263481 Clay-Chitosan Nanobrick Walls: Renewable Multilayer Thin Films for Foil Replacement and Flame Suppression

Thursday, November 1, 2012: 10:10 AM
Cambria East (Westin )
Jaime C. Grunlan1, Galina Laufer2 and Christopher Kirkland2, (1)Department of Mechanical Engineering and Department of Chemical Engineering, Texas A&M University, College Station, TX, (2)Texas A&M University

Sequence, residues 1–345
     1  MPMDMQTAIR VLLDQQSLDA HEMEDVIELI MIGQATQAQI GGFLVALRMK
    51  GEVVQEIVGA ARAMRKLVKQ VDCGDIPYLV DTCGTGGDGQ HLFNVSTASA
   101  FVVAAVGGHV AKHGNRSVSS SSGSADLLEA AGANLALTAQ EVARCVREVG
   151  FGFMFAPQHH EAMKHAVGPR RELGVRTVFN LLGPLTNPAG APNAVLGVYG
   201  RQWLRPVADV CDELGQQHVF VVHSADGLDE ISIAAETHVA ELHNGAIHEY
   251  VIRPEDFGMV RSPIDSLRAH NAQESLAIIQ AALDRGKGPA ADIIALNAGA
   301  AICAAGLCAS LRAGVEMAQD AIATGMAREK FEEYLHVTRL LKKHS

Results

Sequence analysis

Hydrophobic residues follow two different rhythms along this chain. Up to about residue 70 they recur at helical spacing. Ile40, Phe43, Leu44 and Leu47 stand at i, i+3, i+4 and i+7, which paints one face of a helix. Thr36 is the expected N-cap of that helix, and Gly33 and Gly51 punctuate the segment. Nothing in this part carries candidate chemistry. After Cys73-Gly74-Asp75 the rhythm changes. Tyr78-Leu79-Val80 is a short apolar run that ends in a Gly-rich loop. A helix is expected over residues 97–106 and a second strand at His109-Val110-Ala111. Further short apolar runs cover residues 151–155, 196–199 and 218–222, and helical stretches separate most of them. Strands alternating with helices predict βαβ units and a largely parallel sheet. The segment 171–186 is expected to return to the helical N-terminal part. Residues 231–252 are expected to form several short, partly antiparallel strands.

Multilayered thin films assembled with “green” food contact approved materials (i.e., chitosan (CH) and montmorillonite (MMT) clay) were deposited on polylactic acid (PLA) films.  PLA has poor oxygen barrier properties relative to petroleum-based polymers that are widely used as food packaging (e.g. polyethylene terephthalate (PET)). A thirty bilayer CH-MMT assembly (~100 nm thick) on PLA exhibits an oxygen transmission rate (OTR) below the detection limit of commercial instrumentation (≤0.005 cm3/(m2·day·atm)). This high barrier behavior is believed to be due to the brick wall nanostructure that produces an extremely tortuous path for oxygen molecules to take as they permeate through the film. Ten bilayers (~30 nm thick) of this same recipe was deposited on flexible polyurethane foam, in an effort to create an environmentally-friendly flame retardant system. This coating completely stopped foam melting after exposure to direct flame from a butane torch. When cut open, undamaged white flexible foam was revealed under a relatively thin (~ 2 mm) black char layer. Cone calorimetry reveals a peak heat release rate reduced by 52% relative to the uncoated control. These environmentally benign nanocoatings could act as a replacement for packaging foil or toxic antiflammable compounds.

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